Why you ask?  Why don’t we ever actually get around to designing our own home?  Well, money.  As I posted before, we are poor church mice.  There is no salary that affords a specialty house and no bonus large enough that motivates us to spend it on another project (read: work) and not on that all-inclusive vacation (read: a week in front of the TV).

Also, we are paralyzed by our own awesomeness.  Given the opportunity to design our own place, we are rendered completely helpless by the influx of awesome ideas.  We simply cannot deal with that kind of input and after hours and days of brainstorming the best orientations, materials, layouts, natural daylighting opportunities, and spending countless hours late into the night surfing the web for ideas and plagiarizing design possibilities, we go completely numb and crash in front of the TV.  It is at this point that we realize that without an owner or client to yell at us, strip us of our design opportunities, and decrease the budget to a point that all design potential diminishes, we have no ability to edit ourselves.  This is precisely why, as young students, we stayed up all night in studio and printed our boards at the very last second before they were due…We get lost in idea land, never to return, and nothing gets accomplished.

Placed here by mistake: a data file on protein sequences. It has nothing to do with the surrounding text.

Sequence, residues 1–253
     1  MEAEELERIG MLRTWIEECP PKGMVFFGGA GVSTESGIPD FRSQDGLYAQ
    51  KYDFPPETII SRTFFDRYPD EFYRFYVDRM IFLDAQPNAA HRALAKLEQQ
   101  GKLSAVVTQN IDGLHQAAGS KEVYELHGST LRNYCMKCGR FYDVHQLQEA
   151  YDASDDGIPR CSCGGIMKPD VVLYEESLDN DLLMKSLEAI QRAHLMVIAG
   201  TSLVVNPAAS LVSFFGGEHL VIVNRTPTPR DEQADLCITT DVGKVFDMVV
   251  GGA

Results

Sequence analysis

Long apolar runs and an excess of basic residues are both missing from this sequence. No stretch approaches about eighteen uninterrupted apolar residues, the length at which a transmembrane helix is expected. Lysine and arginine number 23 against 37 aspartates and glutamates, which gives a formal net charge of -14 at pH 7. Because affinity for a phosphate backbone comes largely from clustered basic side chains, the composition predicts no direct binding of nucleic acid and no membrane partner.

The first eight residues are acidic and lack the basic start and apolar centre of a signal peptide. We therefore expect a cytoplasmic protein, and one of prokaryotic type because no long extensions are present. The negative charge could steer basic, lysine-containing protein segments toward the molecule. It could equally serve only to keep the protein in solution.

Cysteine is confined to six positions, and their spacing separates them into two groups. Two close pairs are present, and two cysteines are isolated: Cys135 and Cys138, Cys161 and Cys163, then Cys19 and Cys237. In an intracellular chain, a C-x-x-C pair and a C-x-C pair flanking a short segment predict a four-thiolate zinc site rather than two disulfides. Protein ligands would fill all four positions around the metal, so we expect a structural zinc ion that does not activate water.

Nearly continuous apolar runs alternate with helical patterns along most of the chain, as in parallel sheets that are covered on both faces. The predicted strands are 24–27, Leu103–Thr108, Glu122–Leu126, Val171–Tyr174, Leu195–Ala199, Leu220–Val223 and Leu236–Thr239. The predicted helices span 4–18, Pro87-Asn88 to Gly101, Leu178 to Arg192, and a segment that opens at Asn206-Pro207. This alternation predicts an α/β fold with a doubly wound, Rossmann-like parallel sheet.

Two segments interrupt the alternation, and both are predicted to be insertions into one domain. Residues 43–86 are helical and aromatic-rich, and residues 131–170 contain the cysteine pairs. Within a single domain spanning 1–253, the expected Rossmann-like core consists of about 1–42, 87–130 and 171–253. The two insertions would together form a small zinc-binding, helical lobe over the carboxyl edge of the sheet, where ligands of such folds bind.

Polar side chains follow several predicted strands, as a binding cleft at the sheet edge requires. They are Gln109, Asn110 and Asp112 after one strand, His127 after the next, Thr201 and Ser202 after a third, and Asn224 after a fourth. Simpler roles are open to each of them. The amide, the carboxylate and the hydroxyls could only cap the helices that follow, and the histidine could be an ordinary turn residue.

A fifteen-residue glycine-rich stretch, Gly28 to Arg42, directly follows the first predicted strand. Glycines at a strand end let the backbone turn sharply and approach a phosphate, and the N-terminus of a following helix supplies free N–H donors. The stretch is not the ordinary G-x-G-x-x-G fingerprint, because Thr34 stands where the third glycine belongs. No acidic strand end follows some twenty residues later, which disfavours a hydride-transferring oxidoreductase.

And so, this is why ‘nary an architect actually lives in a house they designed.  The majority of us live tucked away in a chintzy subdivision that was designed and constructed by a developer for whom money was the driving force and not the all glorious and universe encompassing creative design force.  In honor of our awesomeness that utterly stops us dead in our tracks, here is a cool house in Japan for you to drool over and add to your idea file…in case you ever get the opportunity to dream about designing your own home.

House in Buzen, Suppose Design Office

Images courtesy of Suppose Design Office